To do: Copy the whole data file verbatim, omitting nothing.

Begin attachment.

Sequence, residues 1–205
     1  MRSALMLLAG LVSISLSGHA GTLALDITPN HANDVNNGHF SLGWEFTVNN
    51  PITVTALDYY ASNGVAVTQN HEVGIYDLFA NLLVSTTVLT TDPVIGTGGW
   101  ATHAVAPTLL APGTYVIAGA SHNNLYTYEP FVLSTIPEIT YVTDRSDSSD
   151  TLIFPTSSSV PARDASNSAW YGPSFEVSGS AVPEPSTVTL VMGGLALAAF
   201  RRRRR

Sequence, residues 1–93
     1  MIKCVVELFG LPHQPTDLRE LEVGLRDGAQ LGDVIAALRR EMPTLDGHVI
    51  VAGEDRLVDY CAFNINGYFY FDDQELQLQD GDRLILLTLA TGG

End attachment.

Sequence, residues 1–205
     1  MRSALMLLAG LVSISLSGHA GTLALDITPN HANDVNNGHF SLGWEFTVNN
    51  PITVTALDYY ASNGVAVTQN HEVGIYDLFA NLLVSTTVLT TDPVIGTGGW
   101  ATHAVAPTLL APGTYVIAGA SHNNLYTYEP FVLSTIPEIT YVTDRSDSSD
   151  TLIFPTSSSV PARDASNSAW YGPSFEVSGS AVPEPSTVTL VMGGLALAAF
   201  RRRRR

Sequence, residues 1–93
     1  MIKCVVELFG LPHQPTDLRE LEVGLRDGAQ LGDVIAALRR EMPTLDGHVI
    51  VAGEDRLVDY CAFNINGYFY FDDQELQLQD GDRLILLTLA TGG